June 12, 2005
June 12, 2005
June 15, 2005
10.883.1 - 10.883.12
Learning through Teaching: A Longitudinal Study on the Effects of GK-12 Programs on Teaching Fellows
Brian E. Gravel, Christine M. Cunningham, Meredith T. Knight, Russell Faux Tufts University Center for Engineering Educational Outreach/ Museum of Science, Boston/ Davis Square Research Associates
In 1999, the National Science Foundation Division of Graduate Education began a new project called the GK-12 program. These grants are awarded to universities to have graduate students and faculty in STEM fields work with teachers, schools, and students to improve STEM education. These grants are also awarded with the mission of educating the future industry and professorial workforce on the culture and importance of K-12 STEM education. Tufts University received its first three-year GK-12 grant in 2000, called “GK-12 Engineering Fellows: A K-12 Resource for Integrating Engineering, Math and Science.” The project was awarded a three-year continuation in 2003 under the name “Tufts Engineering the Next Steps (TENS) GK-12.” These projects developed a cohort of over 20 graduate students from various engineering disciplines (including computer science), who have worked to infuse engineering into existing math and science curricula in K-12 schools.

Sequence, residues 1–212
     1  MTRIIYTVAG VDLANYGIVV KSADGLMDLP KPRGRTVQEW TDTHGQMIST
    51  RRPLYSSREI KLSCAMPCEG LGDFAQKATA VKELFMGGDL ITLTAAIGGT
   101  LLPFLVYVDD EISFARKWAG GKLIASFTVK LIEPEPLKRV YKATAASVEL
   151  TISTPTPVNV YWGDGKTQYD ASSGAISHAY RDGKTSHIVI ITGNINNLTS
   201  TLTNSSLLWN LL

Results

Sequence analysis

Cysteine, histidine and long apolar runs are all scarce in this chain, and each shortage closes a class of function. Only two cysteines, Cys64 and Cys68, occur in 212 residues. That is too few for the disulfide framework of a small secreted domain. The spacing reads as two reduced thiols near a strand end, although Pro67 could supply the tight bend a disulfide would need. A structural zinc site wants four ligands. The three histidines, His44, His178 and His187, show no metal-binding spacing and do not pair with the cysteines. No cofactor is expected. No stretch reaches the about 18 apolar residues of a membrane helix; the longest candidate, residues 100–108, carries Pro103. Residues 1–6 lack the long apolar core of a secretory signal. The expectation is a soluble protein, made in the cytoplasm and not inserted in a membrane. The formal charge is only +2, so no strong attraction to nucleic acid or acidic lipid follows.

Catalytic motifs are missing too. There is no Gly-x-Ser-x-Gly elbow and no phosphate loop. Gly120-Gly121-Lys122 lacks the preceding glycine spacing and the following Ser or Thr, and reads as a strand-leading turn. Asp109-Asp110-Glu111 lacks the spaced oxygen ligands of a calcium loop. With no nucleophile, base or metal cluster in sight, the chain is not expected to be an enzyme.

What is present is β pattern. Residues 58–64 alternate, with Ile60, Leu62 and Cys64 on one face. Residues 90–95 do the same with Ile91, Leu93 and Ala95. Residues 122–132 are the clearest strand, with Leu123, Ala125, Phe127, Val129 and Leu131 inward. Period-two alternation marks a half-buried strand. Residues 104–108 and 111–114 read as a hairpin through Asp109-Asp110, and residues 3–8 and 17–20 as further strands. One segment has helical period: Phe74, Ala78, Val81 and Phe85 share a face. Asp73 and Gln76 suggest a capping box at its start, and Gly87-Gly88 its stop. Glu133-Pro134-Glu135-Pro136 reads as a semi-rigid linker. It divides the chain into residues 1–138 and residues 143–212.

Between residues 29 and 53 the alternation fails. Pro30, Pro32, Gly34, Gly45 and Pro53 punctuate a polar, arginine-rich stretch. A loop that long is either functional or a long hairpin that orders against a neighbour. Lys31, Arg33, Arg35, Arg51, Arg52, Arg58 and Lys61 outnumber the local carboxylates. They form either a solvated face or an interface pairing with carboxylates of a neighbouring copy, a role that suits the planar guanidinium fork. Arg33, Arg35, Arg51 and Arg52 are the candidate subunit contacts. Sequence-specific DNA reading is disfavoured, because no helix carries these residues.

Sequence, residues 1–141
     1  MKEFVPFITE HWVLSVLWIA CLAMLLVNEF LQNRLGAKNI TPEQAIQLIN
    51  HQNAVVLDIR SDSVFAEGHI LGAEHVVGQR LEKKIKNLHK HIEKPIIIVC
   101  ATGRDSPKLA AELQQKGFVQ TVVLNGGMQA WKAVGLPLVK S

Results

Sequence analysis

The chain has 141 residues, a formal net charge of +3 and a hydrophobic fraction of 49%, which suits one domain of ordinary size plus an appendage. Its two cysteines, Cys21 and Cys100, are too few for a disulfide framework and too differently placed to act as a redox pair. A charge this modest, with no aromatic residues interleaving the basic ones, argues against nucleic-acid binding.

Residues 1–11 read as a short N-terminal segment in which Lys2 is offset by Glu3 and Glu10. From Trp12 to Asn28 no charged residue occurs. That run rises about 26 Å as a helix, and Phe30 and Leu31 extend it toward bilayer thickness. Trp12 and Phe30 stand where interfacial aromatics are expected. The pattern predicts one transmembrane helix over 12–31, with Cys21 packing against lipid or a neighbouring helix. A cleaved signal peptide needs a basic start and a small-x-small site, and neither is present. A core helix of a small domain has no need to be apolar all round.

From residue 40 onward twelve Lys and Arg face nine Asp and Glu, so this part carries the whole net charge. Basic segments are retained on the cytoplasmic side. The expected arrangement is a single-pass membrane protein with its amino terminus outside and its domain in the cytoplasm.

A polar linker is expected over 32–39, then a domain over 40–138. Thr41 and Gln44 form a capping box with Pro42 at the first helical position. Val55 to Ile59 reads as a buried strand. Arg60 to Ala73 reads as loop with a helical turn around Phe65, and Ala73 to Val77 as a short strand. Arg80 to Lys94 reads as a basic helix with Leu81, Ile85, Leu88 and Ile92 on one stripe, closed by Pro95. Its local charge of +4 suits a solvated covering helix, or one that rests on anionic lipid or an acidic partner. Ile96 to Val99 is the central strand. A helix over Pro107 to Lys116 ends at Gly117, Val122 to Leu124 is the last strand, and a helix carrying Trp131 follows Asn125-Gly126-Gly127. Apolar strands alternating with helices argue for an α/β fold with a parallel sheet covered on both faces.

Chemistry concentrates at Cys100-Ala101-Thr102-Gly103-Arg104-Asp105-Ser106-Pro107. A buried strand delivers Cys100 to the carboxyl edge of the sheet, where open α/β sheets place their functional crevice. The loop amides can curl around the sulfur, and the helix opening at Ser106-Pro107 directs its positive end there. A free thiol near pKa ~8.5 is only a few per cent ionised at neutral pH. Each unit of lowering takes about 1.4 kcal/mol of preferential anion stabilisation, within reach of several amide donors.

The model of GK-12 at Tufts University is one of small team work; one Fellow works with 1-3 teachers--the Fellow serves as a technical resource for the teacher and classroom and the teacher serves as an expert about pedagogy and classroom teaching. The Fellow helps to design engineering activities that align with science and math curriculum frameworks for all grades. The Fellow spends a majority of his/her time co-teaching each class and is therefore exposed first hand to the challenges and intricacies of public education.
Evaluation data collected throughout both Tufts GK-12 projects have suggested an apparent trend in how the Fellows’ understanding of teaching and schools changes over the course of their Fellowship. Furthermore, many of the Fellows report improvement in their communication and teaching skills. This paper will investigate further the following hypothesis: Participating in a time-intensive outreach program, where Fellows are teaching science, math, and engineering concepts, helps engineering graduate students to understand public school environments, develop better communication skills, and hone their career plans.
Proceedings of the 2005 American Society for Engineering Education Annual Conference & Exposition Copyright © 2005, American Society for Engineering Education
Faux, R., & Knight, M., & Gravel, B., & Cunningham, C. (2005, June), Learning Through Teaching: A Longitudinal Study On The Effects Of Gk 12 Programs On Teaching Fellows Paper presented at 2005 Annual Conference, Portland, Oregon. 10.18260/1-2--14854
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